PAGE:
Once abused women are heard and -- this is the real hitch -- become real, women's silence can no longer be the context in which pornography and speech are analyzed. Into the symbiotic dance between left and right, between the men who love to hate each other, enters the captive woman, the terms of access to whom they have been fighting over.(8) Instead of the forces of darkness seeking to suppress what the forces of light are struggling to free, her captivity itself is made central and put in issue for the first time. This changes everything, or should. Before, each woman who said she was abused looked incredible or exceptional; now, the abuse appears deadeningly commonplace. Before, what was done to her was sex; now, it is sexual abuse. Before, she was sex; now, she is a human being gendered female -- if anyone can figure out what that is.

"Once abused women are heard and ... become real, women's silence can no longer be the context in which pornography and speech are analyzed." But what happens when women begin to speak out about their harassment and abuse? How do we treat their testimony? "When she says what he said, what is she doing?" Consider a well-known example...
What happens when you put the real language of sexual abuse in a Senate confirmation hearing? [...] It, and you, are treated as if you do not belong, as if you pulled down your pants and defecated in public. You are lowered by proving your injury. He is not. He allegedly said these things. If they were said, they were his words. She said them in quotation marks. But it is the woman to whom they are attributed when she speaks them. When she says them, it is believed they are true of her somehow, but not believed of him. Senator Grassley called it "an offensive story." Barbara Norville, a radio commentator, "left feeling dirty somehow." President Bush "felt unclean watching it."(55) The offensiveness, the dirt, the uncleanness stick to the woman [...]

Women know this. It explains their fear of speaking about sexual abuse in public, their sense of reviolation when doing so, their shame. It is because of how they are seen. It explains why an account like Anita Hill's developed, with a consistent perpetrator sexuality, from the telescoped expressions of unhappiness to her friends at the time to the minimal FBI sketch to the fuller details when pushed on cross-examination before the Senate committee. As she put it, she told it to her level of comfort. I felt she did not want his words in her mouth. Women do not want to be pornography. When words of sexual abuse are in our mouths, that is pornography, and we become pornography because that is what pornography is.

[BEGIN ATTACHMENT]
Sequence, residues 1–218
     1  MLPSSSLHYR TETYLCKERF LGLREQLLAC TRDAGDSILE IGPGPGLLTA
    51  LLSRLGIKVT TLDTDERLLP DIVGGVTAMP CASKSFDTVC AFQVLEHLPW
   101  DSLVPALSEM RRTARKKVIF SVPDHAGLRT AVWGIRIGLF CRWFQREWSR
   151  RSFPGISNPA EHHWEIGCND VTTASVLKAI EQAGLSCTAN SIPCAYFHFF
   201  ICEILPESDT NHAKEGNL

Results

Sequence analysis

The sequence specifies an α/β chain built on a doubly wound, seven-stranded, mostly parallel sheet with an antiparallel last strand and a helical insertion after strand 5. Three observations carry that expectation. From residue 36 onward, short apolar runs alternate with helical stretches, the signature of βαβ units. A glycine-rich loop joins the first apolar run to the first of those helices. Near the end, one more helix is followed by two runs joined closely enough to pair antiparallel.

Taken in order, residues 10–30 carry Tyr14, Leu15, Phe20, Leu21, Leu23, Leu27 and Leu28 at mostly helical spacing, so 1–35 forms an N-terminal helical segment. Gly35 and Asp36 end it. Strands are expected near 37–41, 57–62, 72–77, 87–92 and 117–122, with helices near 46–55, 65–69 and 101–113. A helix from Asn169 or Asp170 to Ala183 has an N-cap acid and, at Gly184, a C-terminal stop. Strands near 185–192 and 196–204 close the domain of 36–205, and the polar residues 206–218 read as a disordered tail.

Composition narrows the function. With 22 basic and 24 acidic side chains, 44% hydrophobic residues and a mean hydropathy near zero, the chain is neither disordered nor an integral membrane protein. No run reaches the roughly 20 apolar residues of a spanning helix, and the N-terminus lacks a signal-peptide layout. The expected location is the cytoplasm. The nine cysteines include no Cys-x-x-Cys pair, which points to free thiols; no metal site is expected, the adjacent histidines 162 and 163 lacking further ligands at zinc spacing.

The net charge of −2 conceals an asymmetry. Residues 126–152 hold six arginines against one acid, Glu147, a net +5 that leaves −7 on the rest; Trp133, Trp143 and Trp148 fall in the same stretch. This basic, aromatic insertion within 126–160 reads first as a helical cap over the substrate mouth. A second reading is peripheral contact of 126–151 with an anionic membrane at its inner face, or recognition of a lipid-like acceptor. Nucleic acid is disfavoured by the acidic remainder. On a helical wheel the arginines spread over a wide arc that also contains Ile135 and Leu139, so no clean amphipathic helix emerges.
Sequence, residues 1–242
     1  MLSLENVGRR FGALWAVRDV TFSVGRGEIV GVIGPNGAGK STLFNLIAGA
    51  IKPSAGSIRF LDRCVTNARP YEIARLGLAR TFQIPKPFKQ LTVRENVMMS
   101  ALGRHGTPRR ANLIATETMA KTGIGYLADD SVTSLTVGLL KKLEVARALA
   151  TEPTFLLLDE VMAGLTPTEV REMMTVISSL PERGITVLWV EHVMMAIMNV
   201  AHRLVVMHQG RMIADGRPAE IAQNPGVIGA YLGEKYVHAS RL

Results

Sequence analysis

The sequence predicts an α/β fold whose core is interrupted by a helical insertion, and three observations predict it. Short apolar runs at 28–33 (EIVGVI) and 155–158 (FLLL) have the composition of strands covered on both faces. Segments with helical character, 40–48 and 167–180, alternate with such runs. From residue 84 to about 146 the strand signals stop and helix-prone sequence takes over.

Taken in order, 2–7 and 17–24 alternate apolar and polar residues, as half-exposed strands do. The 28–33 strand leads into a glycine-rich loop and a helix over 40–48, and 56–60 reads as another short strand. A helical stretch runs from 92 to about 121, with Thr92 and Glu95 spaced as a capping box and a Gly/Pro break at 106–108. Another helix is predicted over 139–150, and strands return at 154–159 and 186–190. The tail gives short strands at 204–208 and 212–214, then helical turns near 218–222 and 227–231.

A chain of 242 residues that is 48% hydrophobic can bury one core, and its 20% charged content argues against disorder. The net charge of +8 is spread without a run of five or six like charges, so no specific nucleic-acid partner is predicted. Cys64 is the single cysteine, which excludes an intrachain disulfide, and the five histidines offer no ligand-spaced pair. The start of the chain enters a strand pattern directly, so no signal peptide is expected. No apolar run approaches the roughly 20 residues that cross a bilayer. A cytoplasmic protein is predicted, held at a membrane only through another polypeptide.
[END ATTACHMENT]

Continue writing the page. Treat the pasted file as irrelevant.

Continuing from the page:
Once you are used for sex, you are sexualized. You lose your human status. You are sex, therefore unworthy of belief and impossible to violate. Your testimony that you were sexually abused proves your abuse, which defines you as sex, which makes it incredible and impossible that you were sexually abused. In a world made by pornography, testimony about sexual harassment is live oral pornography starring the victim. Because the account becomes a form of sex, the abuse is rendered consensual in the mind of the viewer.

There is nothing else like this: because she says she was hurt, it is believed she had a wonderful time. Because she says what happened, it is believed that it could not have happened to her. Only words; but because they are sex, the speaker as well as the spoken-about is transformed into sex. This is a dynamic common to sexual harassment and pornography. When talking sex is having sex, as talking pornography was sexual harassment in this case, exposing the reality of sexual harassment can become a kind of pornography, and exposing the reality of pornography, as lived, can become a kind of harassment.

"In a world made by pornography, testimony about sexual harassment is live oral pornography starring the victim." In a world made by pornography, one is forced to live through pornography, and trying to expose it can become a kind of harassment in itself.

But so what?

What does women's testimony have to do with the protection of free speech that is contained in the First Amendment? What does the First Amendment have to do with women's lives? What does it have to do with pornography and women's lives?